GSA Connects 2021 in Portland, Oregon

Paper No. 79-8
Presentation Time: 10:05 AM


MUSCOTT, Amelia1, LARSEN, Darren J.1, CRUMP, Sarah2 and WANG, Lane1, (1)Department of Geology, Occidental College, 1600 Campus Road, Los Angeles, CA 90041, (2)Department of Ecology and Evolutionary Biology, UC Santa Cruz, 1156 High St, Santa Cruz, CA 95064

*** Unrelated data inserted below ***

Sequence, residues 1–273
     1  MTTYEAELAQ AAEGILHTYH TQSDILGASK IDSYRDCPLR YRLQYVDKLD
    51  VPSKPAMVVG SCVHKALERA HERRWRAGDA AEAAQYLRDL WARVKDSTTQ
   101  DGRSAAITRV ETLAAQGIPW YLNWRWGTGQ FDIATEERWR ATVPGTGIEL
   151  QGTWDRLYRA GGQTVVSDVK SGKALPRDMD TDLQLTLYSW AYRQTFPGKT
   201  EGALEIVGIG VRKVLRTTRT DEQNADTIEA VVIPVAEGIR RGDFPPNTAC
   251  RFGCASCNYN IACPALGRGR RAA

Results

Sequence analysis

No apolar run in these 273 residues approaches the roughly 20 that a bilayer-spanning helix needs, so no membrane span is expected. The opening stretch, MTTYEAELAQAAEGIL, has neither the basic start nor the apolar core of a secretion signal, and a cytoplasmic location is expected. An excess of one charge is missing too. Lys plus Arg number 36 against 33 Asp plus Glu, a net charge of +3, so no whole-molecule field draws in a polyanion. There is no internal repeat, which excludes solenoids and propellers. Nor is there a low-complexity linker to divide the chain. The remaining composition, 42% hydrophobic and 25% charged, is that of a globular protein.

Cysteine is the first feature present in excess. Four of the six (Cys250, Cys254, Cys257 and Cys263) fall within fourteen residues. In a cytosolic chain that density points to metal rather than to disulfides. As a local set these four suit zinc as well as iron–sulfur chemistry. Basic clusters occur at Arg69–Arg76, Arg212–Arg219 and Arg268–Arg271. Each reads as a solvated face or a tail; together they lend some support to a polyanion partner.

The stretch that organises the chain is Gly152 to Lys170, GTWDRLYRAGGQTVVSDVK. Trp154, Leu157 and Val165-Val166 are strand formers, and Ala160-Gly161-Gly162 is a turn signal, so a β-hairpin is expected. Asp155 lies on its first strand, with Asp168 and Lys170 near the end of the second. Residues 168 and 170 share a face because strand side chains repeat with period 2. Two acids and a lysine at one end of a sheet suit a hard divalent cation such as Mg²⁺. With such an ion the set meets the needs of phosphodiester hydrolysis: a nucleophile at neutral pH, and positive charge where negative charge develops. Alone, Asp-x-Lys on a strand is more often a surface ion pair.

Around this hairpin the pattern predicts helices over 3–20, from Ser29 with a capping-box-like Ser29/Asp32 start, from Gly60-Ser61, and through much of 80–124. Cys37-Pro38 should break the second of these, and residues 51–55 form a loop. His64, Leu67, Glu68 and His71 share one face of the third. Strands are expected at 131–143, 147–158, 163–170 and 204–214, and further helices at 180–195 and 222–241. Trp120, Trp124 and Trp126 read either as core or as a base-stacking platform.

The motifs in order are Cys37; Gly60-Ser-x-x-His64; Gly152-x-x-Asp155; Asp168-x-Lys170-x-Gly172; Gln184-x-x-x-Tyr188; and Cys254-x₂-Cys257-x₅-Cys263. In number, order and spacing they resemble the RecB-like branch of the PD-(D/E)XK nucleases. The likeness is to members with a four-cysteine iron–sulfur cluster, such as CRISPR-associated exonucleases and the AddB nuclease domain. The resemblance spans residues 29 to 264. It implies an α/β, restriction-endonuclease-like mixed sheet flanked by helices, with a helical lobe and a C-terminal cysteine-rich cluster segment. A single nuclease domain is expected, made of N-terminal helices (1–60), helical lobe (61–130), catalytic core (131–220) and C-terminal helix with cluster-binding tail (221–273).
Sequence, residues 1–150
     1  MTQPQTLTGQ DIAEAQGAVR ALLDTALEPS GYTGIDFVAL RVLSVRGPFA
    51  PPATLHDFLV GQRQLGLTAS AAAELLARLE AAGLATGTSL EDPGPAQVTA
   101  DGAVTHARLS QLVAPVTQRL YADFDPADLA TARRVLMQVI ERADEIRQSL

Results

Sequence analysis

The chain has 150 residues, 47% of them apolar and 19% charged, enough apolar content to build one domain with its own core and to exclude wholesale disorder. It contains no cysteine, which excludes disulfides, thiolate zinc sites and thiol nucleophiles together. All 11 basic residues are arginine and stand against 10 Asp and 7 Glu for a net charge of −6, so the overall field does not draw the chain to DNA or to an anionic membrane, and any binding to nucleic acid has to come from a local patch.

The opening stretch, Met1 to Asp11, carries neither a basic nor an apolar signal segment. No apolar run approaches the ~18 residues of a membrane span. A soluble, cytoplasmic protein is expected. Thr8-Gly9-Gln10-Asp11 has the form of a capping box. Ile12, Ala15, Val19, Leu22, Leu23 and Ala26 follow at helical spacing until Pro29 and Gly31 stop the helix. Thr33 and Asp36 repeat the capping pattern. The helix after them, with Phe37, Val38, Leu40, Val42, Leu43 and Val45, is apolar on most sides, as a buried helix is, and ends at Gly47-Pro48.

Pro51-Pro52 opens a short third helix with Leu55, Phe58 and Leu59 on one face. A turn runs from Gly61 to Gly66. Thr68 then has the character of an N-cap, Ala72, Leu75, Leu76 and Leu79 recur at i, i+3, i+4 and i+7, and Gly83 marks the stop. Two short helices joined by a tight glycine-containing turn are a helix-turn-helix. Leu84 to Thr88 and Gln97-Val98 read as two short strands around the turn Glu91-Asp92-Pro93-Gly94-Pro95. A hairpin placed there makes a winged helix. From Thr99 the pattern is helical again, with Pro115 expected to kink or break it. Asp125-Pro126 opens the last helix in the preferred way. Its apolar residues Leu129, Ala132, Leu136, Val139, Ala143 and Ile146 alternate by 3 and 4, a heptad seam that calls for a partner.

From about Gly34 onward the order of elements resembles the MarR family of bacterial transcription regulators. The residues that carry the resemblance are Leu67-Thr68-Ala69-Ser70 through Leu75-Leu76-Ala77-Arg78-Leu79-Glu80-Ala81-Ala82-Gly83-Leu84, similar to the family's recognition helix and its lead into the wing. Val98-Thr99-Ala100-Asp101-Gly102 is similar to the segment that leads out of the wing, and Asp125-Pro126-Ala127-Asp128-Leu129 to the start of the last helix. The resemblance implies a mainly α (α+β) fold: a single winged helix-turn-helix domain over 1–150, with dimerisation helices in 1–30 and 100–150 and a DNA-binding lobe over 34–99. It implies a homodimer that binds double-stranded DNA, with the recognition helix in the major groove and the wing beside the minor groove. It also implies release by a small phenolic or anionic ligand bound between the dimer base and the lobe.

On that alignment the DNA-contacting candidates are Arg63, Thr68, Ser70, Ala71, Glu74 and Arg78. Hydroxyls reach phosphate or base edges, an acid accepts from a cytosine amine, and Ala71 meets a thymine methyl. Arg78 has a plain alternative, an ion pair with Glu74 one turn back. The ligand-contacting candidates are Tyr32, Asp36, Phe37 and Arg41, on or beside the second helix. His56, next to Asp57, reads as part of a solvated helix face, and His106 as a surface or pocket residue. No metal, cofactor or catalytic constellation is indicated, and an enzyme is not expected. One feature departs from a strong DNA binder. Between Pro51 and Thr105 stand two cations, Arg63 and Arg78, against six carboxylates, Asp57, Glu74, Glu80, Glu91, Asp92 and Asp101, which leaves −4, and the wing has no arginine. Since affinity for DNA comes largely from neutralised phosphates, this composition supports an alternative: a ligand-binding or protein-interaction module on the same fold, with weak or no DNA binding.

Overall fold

Rock glaciers are common features in mountainous regions and contribute significant ice volume to the global cryosphere. Understanding how rock glaciers reacted to past climate changes is critical for identifying their climatic sensitivities and for predicting future changes to these important glacial features. The Teton Mountain Range, located in northwest Wyoming, contains numerous high-elevation alpine lakes, a few of which are situated beneath active rock glaciers. Sediment fill in these lakes marks the timing of glacier retreat at the end of the Last Ice Age (Pinedale glaciation) and preserves a continuous and datable record of subsequent landscape evolution in their catchments. Here, we analyze sediment cores collected from Omega Lake and Lake Solitude, two proximal alpine lakes at the head of Cascade Canyon in the central Tetons, that are positioned in catchments dominated by rock glacier and non-glacial processes, respectively. We evaluate and compare a suite of sedimentary indicators including bulk density, magnetic susceptibility, geochemical abundance, percent organic matter, and clastic sediment flux. Age control of the lake sediments is established using radiocarbon dating and tephrochronology. We find that deglaciation in both catchments occurred by 14,000 years ago and is followed by an increase in organic content and a decrease in sediment density, magnetic susceptibility, and clastic flux. Emerging results show that the non-glacial catchment records a trend in sediment character reflective of Holocene climate patterns. The rock glacier catchment contains higher Holocene variability, suggesting influence of the rock glacier overprinted such trends. We discuss this project in the context of natural resource management and conservation efforts to ultimately improve our understanding of future rock glacier response to climate changes and the resulting environmental impacts to sensitive alpine ecosystems in the western United States.